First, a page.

It was hard not to feel sorry for Sinn Fein’s Declan Kearney on Thursday’s The View.
He had been invited on to talk about the results of a BBC-commissioned survey about border polls and Irish unity in the wake of the Brexit result and I’m pretty sure that he was expecting a noticeable surge in support. After all, the pro-EU vote in Northern Ireland, accompanied by the demand for Irish passports and the chorus of over-rehearsed panic from business, community, banking, civic and political circles (including people in the UUP who should have known better) was surely an indication that the tide was turning, dramatically and decisively, in favour of a newly united Ireland?
But no: the poll didn’t indicate any significant change at all. Which made it pretty difficult for the SDLP’s Claire Hanna, too. Mind you, the SDLP position on Irish unity is so contrived, convoluted and incomprehensible that all she had to do was regurgitate a serial variation of “now’s not the time for a poll. It would be divisive and destabilising”. Come on, Claire, a poll is always going to be divisive and destabilising!
I wasn’t surprised by the results. I wrote, before and after the EU vote, that it was “a mistake to assume that a vote to Remain should be interpreted as support for Irish unity in the event that the UK votes to Leave”. And in a series of radio and television interviews after the referendum I kept making the point that a demand for Irish passports and Twitter/Facebook outrage about leaving the EU would not translate into a demand for Irish unity.
I know that some strategists in both the SDLP and Sinn Fein are now building their hopes around Scotland leaving the UK some time soon; but my gut instinct is that Scotland is less likely to opt for independence now than it was in September 2014. In other words, I think the likelihood of a constitutional crisis has receded.
The most interesting aspect of this latest poll – as is has been with other polls and the regular Life and Times Survey questions about Irish unity – is the fact that the pro-unity lobby is finding it so difficult to convince what should be its key target audience. Forty-seven per cent of Catholics don’t want a border poll. Only 43% of Catholics would vote for a united Ireland. That’s up 8% since 2013, yet that seems an unexpectedly small increase given the background to the latest poll.
Gerry Adams and Colum Eastwood (remember him, he’s the leader of the SDLP) have both spoken about the need to reach out to unionists about the benefits of unity: yet the figures suggest that they would be better advised to reach out to their own likely voter base first.
Because not only is the combined nationalist vote slipping; it may be slipping because a very significant section of Catholics have no interest in Irish unity and no interest, either, in the unity agenda advanced by nationalists in Northern Ireland.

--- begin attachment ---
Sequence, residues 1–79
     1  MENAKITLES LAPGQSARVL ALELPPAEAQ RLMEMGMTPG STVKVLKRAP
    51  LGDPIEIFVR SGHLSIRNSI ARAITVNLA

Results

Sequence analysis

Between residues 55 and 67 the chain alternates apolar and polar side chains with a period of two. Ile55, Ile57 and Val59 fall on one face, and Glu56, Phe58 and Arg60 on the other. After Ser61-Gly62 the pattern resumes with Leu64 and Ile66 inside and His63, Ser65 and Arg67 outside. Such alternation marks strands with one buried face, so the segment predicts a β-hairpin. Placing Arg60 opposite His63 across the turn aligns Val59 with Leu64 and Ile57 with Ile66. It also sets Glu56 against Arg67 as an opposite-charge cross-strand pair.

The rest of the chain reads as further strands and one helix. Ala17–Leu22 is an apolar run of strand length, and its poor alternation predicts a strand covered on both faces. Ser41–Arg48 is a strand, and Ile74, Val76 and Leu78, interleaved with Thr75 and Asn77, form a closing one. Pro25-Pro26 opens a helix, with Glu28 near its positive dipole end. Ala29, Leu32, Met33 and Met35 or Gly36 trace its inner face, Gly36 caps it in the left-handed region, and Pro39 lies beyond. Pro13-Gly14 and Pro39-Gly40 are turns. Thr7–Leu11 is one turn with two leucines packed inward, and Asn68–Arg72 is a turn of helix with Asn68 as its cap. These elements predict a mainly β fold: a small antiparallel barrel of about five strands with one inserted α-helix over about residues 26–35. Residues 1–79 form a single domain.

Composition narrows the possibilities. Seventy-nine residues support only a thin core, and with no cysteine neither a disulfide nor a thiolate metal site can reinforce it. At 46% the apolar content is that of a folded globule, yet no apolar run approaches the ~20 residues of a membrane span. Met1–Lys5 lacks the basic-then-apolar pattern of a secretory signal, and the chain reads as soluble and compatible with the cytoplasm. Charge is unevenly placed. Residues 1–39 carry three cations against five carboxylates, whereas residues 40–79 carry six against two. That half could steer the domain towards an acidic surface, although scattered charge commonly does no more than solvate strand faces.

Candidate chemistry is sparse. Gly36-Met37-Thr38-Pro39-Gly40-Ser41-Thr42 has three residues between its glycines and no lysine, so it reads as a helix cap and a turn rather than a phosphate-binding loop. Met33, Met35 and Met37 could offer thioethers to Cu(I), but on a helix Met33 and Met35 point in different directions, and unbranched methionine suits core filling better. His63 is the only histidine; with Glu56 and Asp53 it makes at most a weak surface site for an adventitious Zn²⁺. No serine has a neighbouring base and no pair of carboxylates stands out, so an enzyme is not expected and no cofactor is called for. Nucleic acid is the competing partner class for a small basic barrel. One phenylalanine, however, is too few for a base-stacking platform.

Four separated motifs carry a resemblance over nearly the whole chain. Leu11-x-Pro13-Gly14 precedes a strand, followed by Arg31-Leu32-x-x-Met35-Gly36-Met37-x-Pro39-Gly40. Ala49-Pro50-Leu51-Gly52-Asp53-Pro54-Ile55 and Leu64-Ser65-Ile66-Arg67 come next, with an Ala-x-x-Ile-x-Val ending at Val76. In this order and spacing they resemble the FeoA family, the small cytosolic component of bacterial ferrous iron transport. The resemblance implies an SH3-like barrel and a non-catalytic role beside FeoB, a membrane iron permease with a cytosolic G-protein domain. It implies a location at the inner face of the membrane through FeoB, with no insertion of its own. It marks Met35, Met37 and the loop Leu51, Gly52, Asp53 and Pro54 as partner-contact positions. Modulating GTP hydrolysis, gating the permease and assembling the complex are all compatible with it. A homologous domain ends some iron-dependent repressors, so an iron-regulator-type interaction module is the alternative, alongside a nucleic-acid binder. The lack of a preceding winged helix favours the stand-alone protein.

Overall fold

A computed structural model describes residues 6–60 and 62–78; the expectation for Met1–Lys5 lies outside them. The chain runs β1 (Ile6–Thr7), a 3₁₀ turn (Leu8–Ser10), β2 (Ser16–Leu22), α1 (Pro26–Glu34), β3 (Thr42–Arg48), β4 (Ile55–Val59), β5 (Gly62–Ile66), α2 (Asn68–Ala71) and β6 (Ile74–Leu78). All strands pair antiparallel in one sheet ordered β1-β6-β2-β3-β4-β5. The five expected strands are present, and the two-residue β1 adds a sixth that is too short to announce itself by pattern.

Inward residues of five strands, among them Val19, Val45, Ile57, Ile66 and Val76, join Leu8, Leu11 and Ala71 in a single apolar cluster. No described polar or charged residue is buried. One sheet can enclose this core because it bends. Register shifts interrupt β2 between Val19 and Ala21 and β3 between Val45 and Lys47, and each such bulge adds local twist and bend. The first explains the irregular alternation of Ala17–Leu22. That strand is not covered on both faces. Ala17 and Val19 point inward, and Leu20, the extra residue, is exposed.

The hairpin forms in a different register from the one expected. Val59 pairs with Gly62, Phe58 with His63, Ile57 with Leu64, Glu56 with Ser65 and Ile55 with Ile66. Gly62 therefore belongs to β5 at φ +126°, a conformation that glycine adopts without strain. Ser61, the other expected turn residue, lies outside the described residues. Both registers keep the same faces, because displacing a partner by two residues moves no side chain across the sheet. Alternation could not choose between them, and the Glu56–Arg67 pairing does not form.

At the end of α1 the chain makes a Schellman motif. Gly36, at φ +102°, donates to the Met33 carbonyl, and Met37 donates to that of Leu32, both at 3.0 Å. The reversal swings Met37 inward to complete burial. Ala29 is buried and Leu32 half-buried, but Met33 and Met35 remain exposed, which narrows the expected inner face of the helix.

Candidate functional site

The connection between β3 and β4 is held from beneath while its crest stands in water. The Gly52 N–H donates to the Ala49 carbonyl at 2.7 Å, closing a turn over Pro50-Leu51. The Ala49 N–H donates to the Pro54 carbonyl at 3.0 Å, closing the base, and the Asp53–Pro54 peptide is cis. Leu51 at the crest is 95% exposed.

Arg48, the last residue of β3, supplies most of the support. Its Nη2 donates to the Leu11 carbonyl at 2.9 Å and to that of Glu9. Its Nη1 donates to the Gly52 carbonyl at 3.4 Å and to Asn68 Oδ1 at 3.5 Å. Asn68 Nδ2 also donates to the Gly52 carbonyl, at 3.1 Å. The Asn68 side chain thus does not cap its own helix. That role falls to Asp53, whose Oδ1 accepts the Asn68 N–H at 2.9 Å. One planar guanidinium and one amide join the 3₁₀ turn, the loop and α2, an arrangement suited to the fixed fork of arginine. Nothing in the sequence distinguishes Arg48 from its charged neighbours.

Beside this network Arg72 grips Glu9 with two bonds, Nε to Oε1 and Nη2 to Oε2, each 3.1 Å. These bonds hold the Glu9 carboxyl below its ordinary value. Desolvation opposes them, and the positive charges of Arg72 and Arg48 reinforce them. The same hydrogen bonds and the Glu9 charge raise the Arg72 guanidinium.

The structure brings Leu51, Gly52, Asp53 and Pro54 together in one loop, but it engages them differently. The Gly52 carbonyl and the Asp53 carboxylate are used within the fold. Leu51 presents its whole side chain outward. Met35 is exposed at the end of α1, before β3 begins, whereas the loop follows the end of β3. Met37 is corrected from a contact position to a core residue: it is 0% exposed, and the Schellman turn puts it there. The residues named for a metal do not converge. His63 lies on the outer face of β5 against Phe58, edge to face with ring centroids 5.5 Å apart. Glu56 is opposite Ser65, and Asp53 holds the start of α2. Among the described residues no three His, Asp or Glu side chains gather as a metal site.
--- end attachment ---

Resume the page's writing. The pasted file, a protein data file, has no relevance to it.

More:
Given the amount of criticism that the SDLP and Sinn Fein have heaped on unionists and unionism down the years (some of it justified, by the way) it strikes me as astonishing that so many Catholics still seem content with the constitutional status quo. All of which suggests that even in the event of there being more Catholics than Protestants in Northern Ireland at some point, it doesn’t follow that there would be an Irish unity majority.
This raises an important question: why is nationalism failing to maximise support for Irish unity in the very voting base where support should be highest? What are they doing wrong?
Some would argue that, given their relationship with the IRA, Sinn Fein will always prove toxic to a section of nationalism. Yet figures indicate that the SDLP hasn’t been able to attract that support, either.
There’s also an argument that the unity debate will never develop the necessary traction until the Irish government and mainstream parties take the lead in the debate and set out their own constitutional case, agenda and framework. One hears the occasional noise from the South – usually at summer schools and British/Irish chit-chats at weekends in Oxford – but nothing of substance. And since they don’t want to rock the Good Friday Agreement boat too much, that reticence to interfere is understandable.
The era when unionists could do their own thing and rule their own roost has also gone, meaning that Catholics, broadly speaking, can no longer make the case that they are treated as second-class citizens and deprived of basic social/political/electoral rights. That change to their circumstances since the late 1960s onwards – copper-fastened by the 1998 and 2007 agreements – has also decreased the demand for Irish unity rather than continuing membership of the UK; a membership which is based on the best relationship between London and Dublin for over a century.
There will always been a market for Irish unity in Northern Ireland. But will the market ever be big enough to deliver that unity? Unlikely, in my opinion, unless a very substantial majority of Catholics can be persuaded to support it – which is a long way from happening.
And therein lies a key challenge for both nationalists and unionists. In the ongoing ideological tussle between MacNeice’s bogus gods and authentic mammon the champions of both sides are still missing key points and aiming at the wrong targets.